One of the most frustrating challenges to living a healthy lifestyle with diabetes is the inevitable blood sugar crash. Unless your blood sugar is completely controlled by diet and exercise (no medications), you will eventually experience a dip low enough that it requires your immediate attention or at the very least makes you feel terrible.
You know the feeling. You start to get hungry, even if you ate recently. Then you feel like your blood pressure is going up. You may get nausea or start to sweat. Then comes the full on tremors, especially in your hands. If you let it go too long, all of that stops and you start to feel faint. No matter what, you feel like you’ve been hit by a bus, and this feeling can sometimes last for hours.
I have wrestled with low blood sugar on and off for years. It usually happens most often when I change up a fitness routine or exercise with more intensity or frequency. It can also happen when I make a major dietary change. But sometimes it seems to happen for no apparent reason whatsoever, like mid-morning on a day when I have a small amount of carbs after a few days of very low carb eating. I’ll be moving along just fine when all of a sudden WHAM! It hits and knocks me off my feet.
The real challenge when this happens is finding a healthy way to deal with the problem without going overboard and wrecking your day. The truth is, I have only found one way to do this well, and that is with patient moderation.
My initial tendency when I have low blood sugar is to grab something really sweet immediately. On really bad days that might be a piece of candy, a cookie, or a sugary drink. Fruit juice is only slightly better. Any of these will bump your blood sugar back up quickly.
The problem with these choices, though, is two-fold.
- It is very difficult to gauge quantities when your body is screaming for a sugar boost. I find it super easy to overdo it and cause my blood sugar to spike way above normal.
- The nutritional value of these choices is pretty much nil. They will not contribute to long-term success. They are full or high fructose corn syrup or other sweeteners, which play havoc with your system, they cultivate a desire for unnaturally sweet foods, and they add tons of calories that make it just that much harder to get healthy.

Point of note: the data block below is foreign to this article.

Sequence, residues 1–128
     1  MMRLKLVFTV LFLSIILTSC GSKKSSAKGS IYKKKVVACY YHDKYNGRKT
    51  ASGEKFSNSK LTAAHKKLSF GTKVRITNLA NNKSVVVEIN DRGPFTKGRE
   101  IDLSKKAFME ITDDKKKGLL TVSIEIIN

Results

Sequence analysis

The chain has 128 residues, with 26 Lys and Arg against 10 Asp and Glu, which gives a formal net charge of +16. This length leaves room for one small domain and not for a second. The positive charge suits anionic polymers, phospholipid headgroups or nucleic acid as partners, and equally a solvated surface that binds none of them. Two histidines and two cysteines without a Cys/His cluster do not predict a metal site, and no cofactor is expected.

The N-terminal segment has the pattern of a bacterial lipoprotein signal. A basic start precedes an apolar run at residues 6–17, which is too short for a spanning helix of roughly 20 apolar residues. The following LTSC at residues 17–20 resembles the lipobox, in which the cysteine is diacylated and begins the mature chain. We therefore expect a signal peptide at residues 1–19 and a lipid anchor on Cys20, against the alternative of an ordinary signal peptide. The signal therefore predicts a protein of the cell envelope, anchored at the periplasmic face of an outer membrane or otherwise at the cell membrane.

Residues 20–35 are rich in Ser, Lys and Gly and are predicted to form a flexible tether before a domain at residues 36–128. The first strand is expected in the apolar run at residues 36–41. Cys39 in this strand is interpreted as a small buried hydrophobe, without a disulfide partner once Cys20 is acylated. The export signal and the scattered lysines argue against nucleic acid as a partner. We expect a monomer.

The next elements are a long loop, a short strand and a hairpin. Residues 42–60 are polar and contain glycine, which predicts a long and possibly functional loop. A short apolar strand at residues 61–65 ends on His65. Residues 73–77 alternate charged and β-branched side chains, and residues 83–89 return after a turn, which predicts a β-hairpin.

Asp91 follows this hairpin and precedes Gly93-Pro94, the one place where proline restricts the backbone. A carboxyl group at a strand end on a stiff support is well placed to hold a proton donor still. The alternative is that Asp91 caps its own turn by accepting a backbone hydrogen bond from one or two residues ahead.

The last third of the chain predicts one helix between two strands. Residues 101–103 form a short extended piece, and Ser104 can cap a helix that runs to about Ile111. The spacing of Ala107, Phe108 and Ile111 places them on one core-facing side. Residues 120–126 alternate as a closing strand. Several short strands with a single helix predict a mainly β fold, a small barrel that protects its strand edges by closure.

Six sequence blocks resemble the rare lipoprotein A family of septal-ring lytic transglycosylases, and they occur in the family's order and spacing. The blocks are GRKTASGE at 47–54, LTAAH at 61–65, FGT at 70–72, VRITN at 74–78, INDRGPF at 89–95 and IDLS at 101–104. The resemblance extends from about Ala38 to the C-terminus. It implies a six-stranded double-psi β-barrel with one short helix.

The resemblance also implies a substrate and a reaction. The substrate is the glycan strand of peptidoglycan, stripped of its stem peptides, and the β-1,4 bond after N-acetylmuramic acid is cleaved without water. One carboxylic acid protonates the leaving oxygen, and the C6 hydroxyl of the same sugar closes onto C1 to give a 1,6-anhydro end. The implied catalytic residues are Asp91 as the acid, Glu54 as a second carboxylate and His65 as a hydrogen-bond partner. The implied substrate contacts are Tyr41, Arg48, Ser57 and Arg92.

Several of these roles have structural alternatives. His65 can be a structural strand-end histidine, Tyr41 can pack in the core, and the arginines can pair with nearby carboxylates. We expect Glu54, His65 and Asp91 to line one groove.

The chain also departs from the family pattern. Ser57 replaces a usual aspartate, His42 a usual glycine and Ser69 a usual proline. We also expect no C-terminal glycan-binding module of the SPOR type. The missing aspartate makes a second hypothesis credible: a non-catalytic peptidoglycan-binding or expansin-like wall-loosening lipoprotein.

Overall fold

So what’s a person to do when hit with sudden low blood sugar?
In most cases your sugar won’t plummet enough to put you in immediate danger. There are certainly cases where a new medication or dosage can drop your numbers low enough for serious concern, so make sure you talk to your doctor about how to handle those situations if they should arise.
But for those everyday situations, the best defense is:
- Don’t panic! As hard as it is to be patient when you are shaking like a leaf and feeling sick, I find the best thing to do in this situation is to take your time and not overreact.
- Grab a simple piece of fruit, eat it slowly, and then wait 5 minutes to see if the symptoms have faded.The sugars contained in fruit are healthy, even for diabetics, and will not bring your blood up to abnormally high levels, but they will bring them up.
- If your symptoms don’t fade, then rinse and repeat until your readings return to normal range.
- When you are able to think clearly you can plan to have your next meal a little earlier to ensure that you don’t dip again.
- Follow-up with your doctor to make sure you don’t need to make an adjustment in your activity or medications.
When I follow these simple steps I usually find that my blood sugar returns to normal within just a few minutes, and I am able to continue my day without the horrible sugar hangover that occurs when I down a whole box of Milk Duds instead. And the only thing this method requires of me is a little bit of planning. I try to make sure that we always have fresh fruit like apples at home, and anytime I am going to be working out at a gym or changing my diet or medicines I make sure to pack a piece or two of fruit with me.
What do you do to handle the lows when they hit you? Share your tips in the comments below.